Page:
Her House of Dreams
Well into my adulthood, my mom embarked on the pursuit to build her “dream house.” My siblings nor I had ever lived in this dwelling, yet my love for this endeavor was pure and simple. She had always spoken of her desire to live in a barn-inspired home. She believed that hallways were a gimmick for square feet and that they held little value other than closed doors and yellowing photos that often go unnoticed.
Over the years, I watched with enormous admiration as she filled scrapbooks with pictures from high-end housing magazines, never letting her dream fade. Every now and then, she’d study them, assumingly to fill the void with new ideas. Finally, in 1996, she was given the green light by my father’s financial guy to construct the custom home she had held close to her heart for so long. To my knowledge, this was the greatest gift my father had ever given her.
They purchased five lots in the part of town where a house of this level didn’t exactly belong. It was questioned by many with neighbors casually asking, “Why is she building this here?”. If they had known my mother, they’d know that this line of questioning would only fuel her drive to make a statement. “To hell with them!”, she’d say. It was this very quality of hers that taught me the true value of doing what’s important to you while never letting the opinions of others hold you back. Oh, how I loved this part of her!
As the structure took form, the traffic and curiosity grew into a steady stream of visitors anticipating its completion accompanied by the occasional request to peek inside. My brother’s stunning stone work covered the estate’s facade and the tall cement walls that enclosed it made many shake their heads, but few didn’t know of its existence.
My mother took their old-age into account with several clever features. She had steel handrails strategically placed in the showers and beside the toilets as well as power-outlets on the floor for hospital equipment. My favorite was the ceiling-high windows perfectly angled for them to watch the geese migrate in their golden years. She would eventually die within the walls she built. After being hospitalized, she made it home in time for her final journey and it meant everything to her.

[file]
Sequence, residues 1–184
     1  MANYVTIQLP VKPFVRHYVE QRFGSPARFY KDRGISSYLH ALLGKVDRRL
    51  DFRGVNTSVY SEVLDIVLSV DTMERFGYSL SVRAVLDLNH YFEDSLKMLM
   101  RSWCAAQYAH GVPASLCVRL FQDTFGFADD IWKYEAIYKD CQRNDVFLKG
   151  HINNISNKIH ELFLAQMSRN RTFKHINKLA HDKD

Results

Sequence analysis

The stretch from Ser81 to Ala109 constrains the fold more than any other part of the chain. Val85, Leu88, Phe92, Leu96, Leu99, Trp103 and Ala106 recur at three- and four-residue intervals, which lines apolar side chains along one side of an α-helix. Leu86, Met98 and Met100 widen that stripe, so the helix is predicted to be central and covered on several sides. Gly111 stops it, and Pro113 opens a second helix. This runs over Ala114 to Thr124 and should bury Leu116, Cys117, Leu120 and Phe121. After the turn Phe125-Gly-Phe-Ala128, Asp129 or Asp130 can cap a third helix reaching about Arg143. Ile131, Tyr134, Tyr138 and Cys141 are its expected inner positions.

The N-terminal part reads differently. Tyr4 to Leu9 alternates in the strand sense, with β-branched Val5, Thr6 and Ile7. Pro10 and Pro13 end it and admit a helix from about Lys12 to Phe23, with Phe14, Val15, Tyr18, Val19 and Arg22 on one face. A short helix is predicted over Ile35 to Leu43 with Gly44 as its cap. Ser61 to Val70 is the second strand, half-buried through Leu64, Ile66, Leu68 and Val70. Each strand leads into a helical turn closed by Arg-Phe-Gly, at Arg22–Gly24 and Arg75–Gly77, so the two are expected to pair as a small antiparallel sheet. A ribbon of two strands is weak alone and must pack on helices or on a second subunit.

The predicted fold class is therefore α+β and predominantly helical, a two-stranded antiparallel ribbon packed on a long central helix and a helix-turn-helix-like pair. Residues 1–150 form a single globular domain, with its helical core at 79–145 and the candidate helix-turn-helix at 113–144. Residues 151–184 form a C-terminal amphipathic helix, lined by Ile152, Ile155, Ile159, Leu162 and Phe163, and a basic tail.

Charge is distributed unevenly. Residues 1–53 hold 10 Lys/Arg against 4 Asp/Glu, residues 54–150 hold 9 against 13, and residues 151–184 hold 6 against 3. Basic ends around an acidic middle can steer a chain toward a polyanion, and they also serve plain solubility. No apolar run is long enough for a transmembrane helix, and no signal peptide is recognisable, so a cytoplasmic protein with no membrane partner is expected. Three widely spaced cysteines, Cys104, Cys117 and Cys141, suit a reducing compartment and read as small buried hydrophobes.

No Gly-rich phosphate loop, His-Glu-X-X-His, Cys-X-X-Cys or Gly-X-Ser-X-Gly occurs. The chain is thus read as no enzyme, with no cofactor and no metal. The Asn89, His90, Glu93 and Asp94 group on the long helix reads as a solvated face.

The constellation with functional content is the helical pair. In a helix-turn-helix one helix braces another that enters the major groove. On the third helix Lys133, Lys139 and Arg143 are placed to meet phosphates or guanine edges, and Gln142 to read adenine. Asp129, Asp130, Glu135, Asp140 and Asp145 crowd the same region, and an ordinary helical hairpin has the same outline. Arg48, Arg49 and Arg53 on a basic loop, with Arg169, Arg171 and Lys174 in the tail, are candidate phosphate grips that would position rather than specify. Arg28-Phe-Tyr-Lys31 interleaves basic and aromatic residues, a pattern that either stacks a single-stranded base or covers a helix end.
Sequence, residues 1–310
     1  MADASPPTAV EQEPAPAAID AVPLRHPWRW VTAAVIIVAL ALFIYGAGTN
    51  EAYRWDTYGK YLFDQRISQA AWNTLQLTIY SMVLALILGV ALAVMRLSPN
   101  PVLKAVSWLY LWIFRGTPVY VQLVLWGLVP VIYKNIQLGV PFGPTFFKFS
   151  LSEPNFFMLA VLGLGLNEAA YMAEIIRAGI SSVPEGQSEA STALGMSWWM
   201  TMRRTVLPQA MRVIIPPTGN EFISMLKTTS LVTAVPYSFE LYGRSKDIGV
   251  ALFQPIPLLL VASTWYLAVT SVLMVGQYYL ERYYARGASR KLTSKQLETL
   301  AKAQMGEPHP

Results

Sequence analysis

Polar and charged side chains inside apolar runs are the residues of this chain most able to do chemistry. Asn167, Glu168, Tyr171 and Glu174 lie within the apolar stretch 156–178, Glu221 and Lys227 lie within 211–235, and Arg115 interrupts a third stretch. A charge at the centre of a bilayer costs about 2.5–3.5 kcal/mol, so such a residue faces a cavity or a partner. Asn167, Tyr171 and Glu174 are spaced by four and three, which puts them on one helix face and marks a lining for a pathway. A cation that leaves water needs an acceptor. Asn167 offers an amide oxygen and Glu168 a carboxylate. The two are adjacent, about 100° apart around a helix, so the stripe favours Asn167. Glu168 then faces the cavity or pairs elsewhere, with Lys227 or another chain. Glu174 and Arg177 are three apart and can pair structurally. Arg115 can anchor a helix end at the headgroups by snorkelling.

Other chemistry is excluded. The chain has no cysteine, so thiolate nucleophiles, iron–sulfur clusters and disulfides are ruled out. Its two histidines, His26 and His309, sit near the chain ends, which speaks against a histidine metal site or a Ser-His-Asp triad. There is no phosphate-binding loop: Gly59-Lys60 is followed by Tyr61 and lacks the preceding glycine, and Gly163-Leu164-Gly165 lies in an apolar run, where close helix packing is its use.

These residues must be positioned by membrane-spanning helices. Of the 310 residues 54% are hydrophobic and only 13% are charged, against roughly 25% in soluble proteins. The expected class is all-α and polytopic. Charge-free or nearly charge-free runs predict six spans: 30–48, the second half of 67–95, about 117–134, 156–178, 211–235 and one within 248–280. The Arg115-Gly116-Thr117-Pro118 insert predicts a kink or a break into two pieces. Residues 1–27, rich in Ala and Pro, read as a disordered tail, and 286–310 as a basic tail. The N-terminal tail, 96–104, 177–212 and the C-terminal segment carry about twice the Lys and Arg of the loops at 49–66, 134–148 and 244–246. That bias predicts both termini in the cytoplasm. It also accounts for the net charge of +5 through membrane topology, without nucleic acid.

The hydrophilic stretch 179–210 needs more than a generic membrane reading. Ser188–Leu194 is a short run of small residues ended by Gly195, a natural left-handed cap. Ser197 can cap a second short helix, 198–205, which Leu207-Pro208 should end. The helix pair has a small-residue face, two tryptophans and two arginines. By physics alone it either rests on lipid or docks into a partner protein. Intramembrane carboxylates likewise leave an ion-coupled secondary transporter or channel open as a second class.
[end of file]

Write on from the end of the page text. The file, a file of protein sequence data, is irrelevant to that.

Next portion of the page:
I never foresaw a scenario where my dad would reside in this residence without her. And yet, as the two-year anniversary of her flight to heaven approached, his loneliness had become painfully evident. The life she once breathed into this space was gone and it made my father appear small and fragile. It was obvious that he could no longer upkeep the ½ acre estate by himself.
With age and experience, I’ve learned that life rarely goes as planned. I knew that his decision to move into a nice assisted living facility was for the best. It was my heart that could never completely grasp the totality of what selling her dream would entail. As the appraisers came and went, my oldest brother took the lead in the transition while I stayed tucked away. It wasn’t that I didn’t want to help, I simply couldn’t bare the tasks of deciding what would be kept and what would be tossed.
During the time my parents lived within my mom’s artistic genius, so much had happened - most notably the passing of my brother and sister. The little memorial gardens my mother planted for them now look sad and pitiful amongst the sprawling lot. Little by little, month after month, the house became empty of all that was her - of all that was them. I take great effort to avoid driving by this place, for it’s now just a shell of what once held the verve of a truly free spirit that I’ve tried to emulate.
As expected, the iconic house in the wrong part of town sold after the first private showing. Hearing this felt like the equivalent of being hit in the gut. I tried to act casual, but the tears exposed the truth. Seeing my grief, Lex convinced me to bid her creation farewell. I was hesitant, but I knew he was right.
Days before the house would no longer belong to my parents, we took the trek on a cloudy evening. “Does she see me?”, I wondered as I crossed the threshold that bore the final phase of her life. It looked odd empty, reminding me of the countless walk-throughs my mother made during its construction many years ago. Yet, it wasn’t the beginning, rather, it was the end. I was forced to face the truth that I could no longer deny existed - I had to say goodbye.
We lit incense and wafted the tainted smoke through the vacant rooms that no longer hold her presence, just memories. We laughed and cried while we took turns sharing stories and kind words about our time there. Although it was darkly funeral-like, it was exactly what I needed. Before exiting through the heavy wooden door for the last time, I set an envelope on the hearth of the beautiful stone fireplace. It was addressed to the new family that would soon call this home.
This is what it read:
“Hello, my name is Ruth and my mother designed and built your new home. She took great pride in creating her dream house and I hope your family will have many happy memories here. I thought if you knew her name, you might appreciate this piece of art just a little bit more. She was Mary West Hunt - and she was a great woman. - The McLeod & Hunt Family.”
I know moving was the right choice for my dad. I also know that my mom would understand. I hope she read my note and knows how much she inspired me. Lastly, I know that no matter who calls this place “home”, it will forever remain a loving tribute to my mother - the woman that taught me to never give up on my dreams. I love and miss you, mah.
Let’s talk about soon, I’ll bring the coffee. -R.